LOCAL SPIN: Scary and Scarier
Alarming Salinas dog deaths distract from the real danger.
Thursday, August 16, 2012
Here’s how Sunday nights work at my house: We eat dinner around 7:30pm. Our idiot dogs – a dyspeptic Jack Russell named Oliver and an exuberant Corgi mix named Lola – stand in the window and bark their fool heads off at anything that moves, in the hopes we’ll notice what good guard pups they are and toss them table scraps.
Every time a siren screams down East Alisal Street, my oldest and I shake our heads and repeat our favorite Steinbeck adage: There’s always something to do in Salinas. The teenagers scatter and hope we don’t notice the kitchen is a wreck and the garbage hasn’t been taken out. And then my husband and I slump over with the reality that tomorrow is Monday and we get to do it all over again.
That’s pretty much how it was going this Sunday night, only the teen who was home hadn’t scattered when the unmistakable sound of gunfire rang outside our front door. I heard three shots. A friend who rents the studio apartment in our house thinks he heard four. Another neighbor heard six. I did what any sensible journalist does upon hearing a weapon being discharged nearby – I opened the door to see what was going on.
A neighbor’s pit bull, a female named “Hugs,” was being shot to death by the police. She ran down our sidewalk, her chest awash in blood, and finally dropped in my front yard in front of the pomegranate bushes. The police probably know me as that woman in the orange T-shirt who was screaming, “Oh my God!” as they yelled at me to get back in my house.
THE SIGHT OF THAT DOG BLEEDING TAKES THE SURREAL CAKE.
So I went back in the house and proceeded to get hysterical. I’ve seen a lot of weird stuff in 20-plus years of journalism – entire houses floating away off the Outer Banks during a hurricane, Los Angeles police sending an “officer needs assistance” call from their own headquarters as protesters chucked concrete through the windows during the L.A. riots – but the sight of that dog bleeding out as she took her terrified last steps in my yard takes the surreal cake.
“This is the worst thing I’ve ever seen,” my youngest said before taking a frantic Lola upstairs.
I believe those officers, who Salinas Police spokesman Miguel Cabrera tells me all have dogs of their own, would have rather done anything Sunday night than kill that dog, or my neighbor’s other dog, which they shot a few blocks away in Bataan Park. They did so after the dogs, which had slipped out of my neighbor’s yard under a fence board that popped loose, attacked one dog and then killed a chihuahua elsewhere in the neighborhood. The pit bulls, they say, were out of control, lunging at people, and posed a threat to human life. Police and animal control tried for more than two hours to corral the dogs.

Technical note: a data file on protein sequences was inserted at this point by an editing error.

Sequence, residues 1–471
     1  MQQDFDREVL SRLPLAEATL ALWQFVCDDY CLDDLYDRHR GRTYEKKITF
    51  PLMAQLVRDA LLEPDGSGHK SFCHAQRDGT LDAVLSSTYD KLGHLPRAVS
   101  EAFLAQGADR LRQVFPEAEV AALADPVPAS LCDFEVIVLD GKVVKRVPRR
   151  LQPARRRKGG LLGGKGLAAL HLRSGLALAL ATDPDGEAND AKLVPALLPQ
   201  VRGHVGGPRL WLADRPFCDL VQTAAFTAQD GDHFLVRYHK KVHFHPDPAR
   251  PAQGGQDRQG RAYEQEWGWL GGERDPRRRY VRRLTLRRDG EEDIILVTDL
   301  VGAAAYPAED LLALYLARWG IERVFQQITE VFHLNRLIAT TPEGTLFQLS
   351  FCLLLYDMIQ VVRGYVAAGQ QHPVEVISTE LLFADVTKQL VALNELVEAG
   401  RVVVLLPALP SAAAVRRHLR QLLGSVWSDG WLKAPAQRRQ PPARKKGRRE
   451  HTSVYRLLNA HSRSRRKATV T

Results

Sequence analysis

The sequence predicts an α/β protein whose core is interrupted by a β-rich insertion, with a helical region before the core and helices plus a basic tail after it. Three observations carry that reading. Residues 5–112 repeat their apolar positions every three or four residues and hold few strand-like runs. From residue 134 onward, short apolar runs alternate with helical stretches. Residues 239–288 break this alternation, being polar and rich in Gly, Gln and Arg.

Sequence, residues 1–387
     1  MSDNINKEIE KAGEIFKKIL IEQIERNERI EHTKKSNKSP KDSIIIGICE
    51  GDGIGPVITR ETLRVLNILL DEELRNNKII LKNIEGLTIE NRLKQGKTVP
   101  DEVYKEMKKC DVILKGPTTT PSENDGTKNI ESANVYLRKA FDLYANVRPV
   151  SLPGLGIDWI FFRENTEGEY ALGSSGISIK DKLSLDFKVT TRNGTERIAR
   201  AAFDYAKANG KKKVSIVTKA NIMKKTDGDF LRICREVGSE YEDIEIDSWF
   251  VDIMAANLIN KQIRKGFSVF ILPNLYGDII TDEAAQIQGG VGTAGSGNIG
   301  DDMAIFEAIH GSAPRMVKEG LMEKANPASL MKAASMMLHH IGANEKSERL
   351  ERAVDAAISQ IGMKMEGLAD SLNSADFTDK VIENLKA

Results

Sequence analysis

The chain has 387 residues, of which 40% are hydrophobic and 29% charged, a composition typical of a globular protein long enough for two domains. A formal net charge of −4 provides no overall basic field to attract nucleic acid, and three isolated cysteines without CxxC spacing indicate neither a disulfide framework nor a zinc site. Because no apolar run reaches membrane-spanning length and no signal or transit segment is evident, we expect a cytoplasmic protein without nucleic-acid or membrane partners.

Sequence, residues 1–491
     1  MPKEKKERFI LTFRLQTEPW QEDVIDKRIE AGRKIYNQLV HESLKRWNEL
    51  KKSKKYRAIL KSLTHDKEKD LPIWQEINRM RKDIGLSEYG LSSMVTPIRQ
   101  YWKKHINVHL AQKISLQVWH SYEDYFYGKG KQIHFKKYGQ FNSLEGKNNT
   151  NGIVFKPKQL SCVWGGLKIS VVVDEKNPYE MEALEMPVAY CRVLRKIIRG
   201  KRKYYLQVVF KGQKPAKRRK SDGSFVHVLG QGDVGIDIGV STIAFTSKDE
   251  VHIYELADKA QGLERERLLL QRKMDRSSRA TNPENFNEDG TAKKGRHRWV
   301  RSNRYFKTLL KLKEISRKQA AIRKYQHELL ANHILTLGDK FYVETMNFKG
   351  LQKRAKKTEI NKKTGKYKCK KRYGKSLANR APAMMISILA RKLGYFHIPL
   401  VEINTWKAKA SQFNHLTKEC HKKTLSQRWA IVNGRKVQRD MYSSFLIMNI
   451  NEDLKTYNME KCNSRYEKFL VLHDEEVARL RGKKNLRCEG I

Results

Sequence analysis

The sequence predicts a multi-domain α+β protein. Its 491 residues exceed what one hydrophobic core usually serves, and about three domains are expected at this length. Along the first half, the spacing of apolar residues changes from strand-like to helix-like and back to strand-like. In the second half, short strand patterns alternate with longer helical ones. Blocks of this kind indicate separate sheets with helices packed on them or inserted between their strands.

All the more sad, then, that a friend of mine who dropped in for dinner about an hour before the shooting told us about the pair of pit bulls she nearly coaxed into her car. She was luring them with treats, but they were spooked by a police car honking at her to move her vehicle, and ran off.
I also know my neighbor – a sweetheart of a guy named Louie Arrey who collects antiques, swears his house is haunted and has offered to give my kids baseball tips in the parking lot next to my house – would much rather his dogs hadn’t escaped, something they’d done a few times before, or attacked the other dogs, or been shot dead by the police.
And he’d rather not carry this weight with him now: “I’m being portrayed as a piece-of-shit dog owner,” he told me Monday as we looked at the bloodstains in my yard and on the sidewalk. The dogs had never been aggressive before.
The comments left on the websites of local media outlets bear out the scathing opinion some now hold of him. I talked to Gary Tiscornia, executive director of the Monterey County SPCA, about the whole sad situation.
“The public wants an easy answer, but it doesn’t exist. There are a lot of good people who don’t necessarily know how to raise their dogs,” Tiscornia says. “It’s a tragedy all the way around, but I can’t find fault with the way the officers acted. If I was an officer and a dog had killed another animal I would find it a risk to public safety.”
I admit I didn’t see the pit bulls attack the other dogs, and I didn’t see them lunging at anyone. But as for what I’d rather – I’d rather the police hadn’t opened fire on a fleeing animal on my residential street. Pockmarks in the concrete mark where bullets ricocheted to who knows where. I’m grateful who knows where wasn’t my living room window, or the house next door, where the blood trail begins.
Sunday night, Oliver and Lola each got an extra bedtime cookie. Maybe tomorrow, I’ll hose the bloodstains off of my sidewalk.
I think the smell of death so close to home is making them more anxious than usual.
MARY DUAN is the Weekly’s editor. Reach her at email@example.com.